Porcine CRP ELISA Kit (DEIA2191)

Regulatory status: For research use only, not for use in diagnostic procedures.

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biological samples
Species Reactivity
Intended Use
The Pig CRP ELISA Kit is a highly sensitive two-site enzyme-linked immunoassay ( ELISA ) for the quantitative determination of C-reactive protein ( CRP ) in pig biological samples.
Contents of Kit
1. Diluent Concentrate
2. Wash Solution Concentrate
3. Enzyme-Antibody Conjugate Concentrate
4. TMB Substrate Solution
5. Stop Solution
6. Microtiter Plate
7. Pig CRP Calibrator
8. Positive Control
Store contents at 4°C.
Detection Range
6.25-200 ng/mL


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Diagnostic Value of C-Reactive Protein in Discrimination between Uncomplicated and Complicated Parapneumonic Effusion


Authors: Kogan, Yana; Sabo, Edmond; Odeh, Majed

Objectives: The role of serum C-reactive protein (CRPs) and pleural fluid CRP (CRPpf) in discriminating uncomplicated parapneumonic effusion (UCPPE) from complicated parapneumonic effusion (CPPE) is yet to be validated since most of the previous studies were on small cohorts and with variable results. The role of CRPs and CRPpf gradient (CRPg) and of their ratio (CRPr) in this discrimination has not been previously reported. The study aims to assess the diagnostic efficacy of CRPs, CRPpf, CRPr, and CRPg in discriminating UCPPE from CPPE in a relatively large cohort. Methods: The study population included 146 patients with PPE, 86 with UCPPE and 60 with CPPE. Levels of CRPs and CRPpf were measured, and the CRPg and CRPr were calculated. The values are presented as mean +/- SD. Results: Mean levels of CRPs, CRPpf, CRPg, and CRPr of the UCPPE group were 145.3 +/- 67.6 mg/L, 58.5 +/- 38.5 mg/L, 86.8 +/- 37.3 mg/L, and 0.39 +/- 0.11, respectively, and for the CPPE group were 302.2 +/- 75.6 mg/L, 112 +/- 65 mg/L, 188.3 +/- 62.3 mg/L, and 0.36 +/- 0.19, respectively. Levels of CRPs, CRPpf, and CRPg were significantly higher in the CPPE than in the UCPPE group (p < 0.0001). No significant difference was found between the two groups for levels of CRPr (p = 0.26). The best cut-off value calculated by the receiver operating characteristic (ROC) analysis for discriminating UCPPE from CPPE was for CRPs, 211.5 mg/L with area under the curve (AUC) = 94% and p < 0.0001, for CRPpf, 90.5 mg/L with AUC = 76.3% and p < 0.0001, and for CRPg, 142 mg/L with AUC = 91% and p < 0.0001. Conclusions: CRPs, CRPpf, and CRPg are strong markers for discrimination between UCPPE and CPPE, while CRPr has no role in this discrimination.

Simulating Strategic Implementation of the CRP to Increase Greater Prairie-Chicken Abundance


Authors: Adkins, Kalysta; Roy, Charlotte L.; Wright, Robert G.; Andersen, David E.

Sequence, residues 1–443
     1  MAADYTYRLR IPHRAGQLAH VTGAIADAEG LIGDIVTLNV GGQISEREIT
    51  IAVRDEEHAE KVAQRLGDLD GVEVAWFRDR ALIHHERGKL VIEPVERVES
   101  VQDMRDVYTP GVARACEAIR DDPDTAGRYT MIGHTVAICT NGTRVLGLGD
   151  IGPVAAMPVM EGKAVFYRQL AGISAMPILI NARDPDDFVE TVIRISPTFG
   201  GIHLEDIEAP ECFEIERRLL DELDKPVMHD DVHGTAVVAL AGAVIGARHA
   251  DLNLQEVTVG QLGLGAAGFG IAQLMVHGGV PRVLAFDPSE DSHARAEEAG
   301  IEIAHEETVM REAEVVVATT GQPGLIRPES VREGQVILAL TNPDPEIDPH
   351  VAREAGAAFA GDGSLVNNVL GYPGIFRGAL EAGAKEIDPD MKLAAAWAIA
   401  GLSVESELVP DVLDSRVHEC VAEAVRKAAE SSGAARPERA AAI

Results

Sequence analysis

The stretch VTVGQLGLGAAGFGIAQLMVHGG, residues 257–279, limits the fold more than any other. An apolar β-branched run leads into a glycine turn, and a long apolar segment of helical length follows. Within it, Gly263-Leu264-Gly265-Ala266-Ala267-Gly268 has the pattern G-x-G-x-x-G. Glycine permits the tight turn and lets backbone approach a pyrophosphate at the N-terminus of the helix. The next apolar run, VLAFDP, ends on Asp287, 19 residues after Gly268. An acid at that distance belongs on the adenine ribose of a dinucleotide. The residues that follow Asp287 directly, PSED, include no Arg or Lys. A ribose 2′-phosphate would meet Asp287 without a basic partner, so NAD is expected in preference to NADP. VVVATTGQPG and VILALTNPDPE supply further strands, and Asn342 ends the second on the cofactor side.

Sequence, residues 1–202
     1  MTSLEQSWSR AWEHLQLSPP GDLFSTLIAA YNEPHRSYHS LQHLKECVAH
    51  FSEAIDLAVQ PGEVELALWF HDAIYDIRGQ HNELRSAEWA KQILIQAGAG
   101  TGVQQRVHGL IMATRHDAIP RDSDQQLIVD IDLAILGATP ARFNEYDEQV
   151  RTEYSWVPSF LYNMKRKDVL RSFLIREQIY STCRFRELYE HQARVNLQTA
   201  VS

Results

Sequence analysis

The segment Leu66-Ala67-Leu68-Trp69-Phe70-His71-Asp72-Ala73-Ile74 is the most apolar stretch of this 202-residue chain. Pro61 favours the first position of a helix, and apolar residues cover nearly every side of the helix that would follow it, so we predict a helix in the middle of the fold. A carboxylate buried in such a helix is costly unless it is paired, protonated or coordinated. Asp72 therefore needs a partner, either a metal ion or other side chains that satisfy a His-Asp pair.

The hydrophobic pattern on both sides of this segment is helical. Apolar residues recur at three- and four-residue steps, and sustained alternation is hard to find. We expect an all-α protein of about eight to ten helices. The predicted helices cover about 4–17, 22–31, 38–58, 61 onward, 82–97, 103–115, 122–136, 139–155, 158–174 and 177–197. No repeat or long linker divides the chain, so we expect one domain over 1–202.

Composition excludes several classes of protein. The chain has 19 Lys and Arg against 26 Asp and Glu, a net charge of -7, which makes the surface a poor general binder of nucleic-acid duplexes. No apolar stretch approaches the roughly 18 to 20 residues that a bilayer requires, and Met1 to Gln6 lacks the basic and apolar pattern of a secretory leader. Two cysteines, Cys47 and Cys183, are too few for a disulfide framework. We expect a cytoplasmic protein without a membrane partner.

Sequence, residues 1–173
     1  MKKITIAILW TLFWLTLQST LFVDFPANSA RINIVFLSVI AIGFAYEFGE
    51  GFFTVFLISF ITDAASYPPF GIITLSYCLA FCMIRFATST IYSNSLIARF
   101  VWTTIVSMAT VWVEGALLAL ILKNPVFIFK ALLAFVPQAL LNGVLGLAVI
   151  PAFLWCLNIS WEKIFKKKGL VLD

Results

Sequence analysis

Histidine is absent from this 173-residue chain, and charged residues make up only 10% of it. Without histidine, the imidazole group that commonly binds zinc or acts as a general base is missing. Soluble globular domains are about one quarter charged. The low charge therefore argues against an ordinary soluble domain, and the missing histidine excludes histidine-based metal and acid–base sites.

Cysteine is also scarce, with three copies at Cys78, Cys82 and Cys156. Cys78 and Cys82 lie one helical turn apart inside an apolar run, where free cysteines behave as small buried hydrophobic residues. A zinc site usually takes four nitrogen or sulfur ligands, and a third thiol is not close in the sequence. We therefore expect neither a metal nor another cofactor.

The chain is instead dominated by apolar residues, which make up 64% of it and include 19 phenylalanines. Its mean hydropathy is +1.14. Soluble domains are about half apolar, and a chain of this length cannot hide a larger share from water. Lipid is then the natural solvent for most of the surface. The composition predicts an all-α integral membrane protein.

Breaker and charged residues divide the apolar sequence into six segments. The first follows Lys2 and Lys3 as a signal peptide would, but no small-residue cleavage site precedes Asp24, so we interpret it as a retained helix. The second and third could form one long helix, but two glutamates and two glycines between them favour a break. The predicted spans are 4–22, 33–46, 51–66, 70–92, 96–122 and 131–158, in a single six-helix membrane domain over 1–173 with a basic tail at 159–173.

The Conservation Reserve Program (CRP) has the potential to influence the distribution and abundance of grasslands in many agricultural landscapes, and thereby provide habitat for grassland-dependent wildlife. Greater prairie-chickens (Tympanuchus cupido pinnatus) are a grassland-dependent species with large area requirements and have been used as an indicator of grassland ecosystem function; they are also a species of conservation concern across much of their range. Greater prairie-chicken populations respond to the amount and configuration of grasslands and wetlands in agriculturally dominated landscapes, which in turn can be influenced by the CRP; however, CRP enrollments and enrollment caps have declined from previous highs. Therefore, prioritizing CRP reenrollments and new enrollments to achieve the greatest benefit for grassland-dependent wildlife seems prudent. We used models relating either lek density or the number of males at leks to CRP enrollments and the resulting landscape structure to predict changes in greater prairie-chicken abundance related to changes in CRP enrollments. We simulated 3 land-cover scenarios: expiration of existing CRP enrollments, random, small-parcel (4,040 m(2)) addition of CRP grasslands, and strategic, large-parcel (80,000 m(2)) addition of CRP grasslands. Large-parcel additions were the average enrollment size in northwestern Minnesota, USA, within the context of a regional prairie restoration plan. In our simulations of CRP enrollment expirations, the abundance of greater prairie-chickens declined when grassland landscape contiguity declined with loss of CRP enrollments. Simulations of strategic CRP enrollment with large parcels to increase grassland contiguity more often increased greater prairie-chicken abundance than random additions of the same area in small parcels that did not increase grassland contiguity. In some cases, CRP enrollments had no or a negative predicted change in greater prairie-chicken abundance because they provided insufficient grassland contiguity on the landscape, or increased cover-type fragmentation. Predicted greater prairie-chicken abundance increased under large-parcel and small-parcel scenarios of addition of CRP grassland; the greatest increases were associated with large-parcel additions. We suggest that strategic application of the CRP to improve grassland contiguity can benefit greater prairie-chicken populations more than an opportunistic approach lacking consideration of the larger landscape context. Strategic implementation of the CRP can benefit greater prairie-chicken populations in northwestern Minnesota, and likely elsewhere in landscapes where grassland continuity may be a limiting factor. (c) 2020 The Wildlife Society.

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